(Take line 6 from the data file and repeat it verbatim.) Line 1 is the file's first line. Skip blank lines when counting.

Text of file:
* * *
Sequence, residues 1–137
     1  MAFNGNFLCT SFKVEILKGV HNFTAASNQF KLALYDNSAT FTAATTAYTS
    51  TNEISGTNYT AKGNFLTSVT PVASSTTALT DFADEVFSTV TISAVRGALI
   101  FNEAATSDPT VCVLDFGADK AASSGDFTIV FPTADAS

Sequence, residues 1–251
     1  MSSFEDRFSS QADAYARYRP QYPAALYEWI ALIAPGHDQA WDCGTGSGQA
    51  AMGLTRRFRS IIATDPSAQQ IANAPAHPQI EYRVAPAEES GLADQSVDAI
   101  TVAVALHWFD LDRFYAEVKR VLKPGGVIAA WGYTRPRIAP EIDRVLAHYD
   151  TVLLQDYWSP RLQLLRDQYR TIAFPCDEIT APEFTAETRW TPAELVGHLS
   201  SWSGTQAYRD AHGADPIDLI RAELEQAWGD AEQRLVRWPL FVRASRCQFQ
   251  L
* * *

     1  MSSFEDRFSS QADAYARYRP QYPAALYEWI ALIAPGHDQA WDCGTGSGQA